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# Arithmetic and Geometric Sequences and Series

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1) Use the arithmetic sequence of numbers 2, 4, 6, 8, 10... to find the following:
a) What is d, the difference between any two consecutive terms?
b) Using the formula for the nth term of an arithmetic sequence, what is 101st term? Answer:
c) Using the formula for the sum of an arithmetic sequence, what is the sum of the first 20 terms?
d) Using the formula for the sum of an arithmetic sequence, what is the sum of the first 30 terms?
e) What observation can you make about the successive partial sums of this sequence (HINT: It would be beneficial to find a few more sums like the sum of the first 2, then the first 3, etc.)?

2) Use the geometric sequence of numbers 1, 3, 9, 27, ... to find the following:
a) What is r, the ratio between 2 consecutive terms?
b) Using the formula for the nth term of a geometric sequence, what is the 10th term?
c) Using the formula for the sum of a geometric sequence, what is the sum of the first 10 terms?

3) Use the geometric sequence of numbers 1, 1/3, 1/9 , 1/27... to find the following:
a) What is r, the ratio between 2 consecutive terms?
b) Using the formula for the sum of the first n terms of a geometric sequence, what is the sum of the first 10 terms? Carry all calculations to 6 decimals on all assignments.
c) Using the formula for the sum of the first n terms of a geometric sequence, what is the sum of the first 12 terms? Carry all calculations to 6 decimals on all assignments.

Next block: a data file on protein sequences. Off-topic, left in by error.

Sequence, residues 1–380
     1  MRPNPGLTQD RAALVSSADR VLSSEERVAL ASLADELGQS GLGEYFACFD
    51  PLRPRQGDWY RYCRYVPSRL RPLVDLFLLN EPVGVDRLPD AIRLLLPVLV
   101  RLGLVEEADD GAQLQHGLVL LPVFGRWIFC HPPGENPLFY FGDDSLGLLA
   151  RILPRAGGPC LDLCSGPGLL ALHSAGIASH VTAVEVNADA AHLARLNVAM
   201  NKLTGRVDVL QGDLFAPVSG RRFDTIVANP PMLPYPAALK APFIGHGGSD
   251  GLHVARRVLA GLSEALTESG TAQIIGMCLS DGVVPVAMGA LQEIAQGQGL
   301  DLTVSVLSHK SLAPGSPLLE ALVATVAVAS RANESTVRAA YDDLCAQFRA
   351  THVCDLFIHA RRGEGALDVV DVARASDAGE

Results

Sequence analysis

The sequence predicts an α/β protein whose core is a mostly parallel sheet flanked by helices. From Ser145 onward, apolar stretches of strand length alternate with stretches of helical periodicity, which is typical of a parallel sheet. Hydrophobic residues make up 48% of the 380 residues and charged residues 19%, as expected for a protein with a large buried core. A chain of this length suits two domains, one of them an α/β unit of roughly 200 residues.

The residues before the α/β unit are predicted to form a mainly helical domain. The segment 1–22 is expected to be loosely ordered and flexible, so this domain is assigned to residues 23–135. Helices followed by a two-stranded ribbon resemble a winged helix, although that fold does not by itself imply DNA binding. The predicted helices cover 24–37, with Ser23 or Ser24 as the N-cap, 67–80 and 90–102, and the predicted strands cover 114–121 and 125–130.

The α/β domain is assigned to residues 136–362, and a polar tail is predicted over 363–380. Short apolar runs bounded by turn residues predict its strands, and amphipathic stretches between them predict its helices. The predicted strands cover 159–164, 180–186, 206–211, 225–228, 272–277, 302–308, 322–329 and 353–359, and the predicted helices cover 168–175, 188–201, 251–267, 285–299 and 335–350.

d) What observation can make about the successive partial sums of this sequence? In particular, what number does it appear that the sum will always be smaller than?

4) CLASSIC PROBLEM - A traveling salesman (selling shoes) stops at a farm in the Midwest. Before he could knock on the door, he noticed an old truck on fire. He rushed over and pulled a young lady out of the flaming truck. Farmer Crane came out and gratefully thanked the traveling salesman for saving his daughter's life. Mr. Crane insisted on giving the man an award for his heroism.

So, the salesman said, "If you insist, I do not want much. Get your checkerboard and place one grain of wheat on the first square. Then place two grains of wheat on the next square. Then place four grains on the third square. Continue this until all 64 squares are covered with grains of wheat." As he had just harvested his wheat, Mr. Crane did not consider this much of an award, but he soon realized he made a miscalculation on the amount of wheat involved.

a) How much wheat would Mr. Crane have to put on the 24th square?
b) How much total grain would the traveling salesman receive if the checkerboard only had 24 squares?
c) Calculate the amount of wheat necessary to fill the whole checkerboard (64 squares). How much wheat would the farmer need to give the salesman? Please provide the answer in either scientific notation, or calculate and show all 20 digits.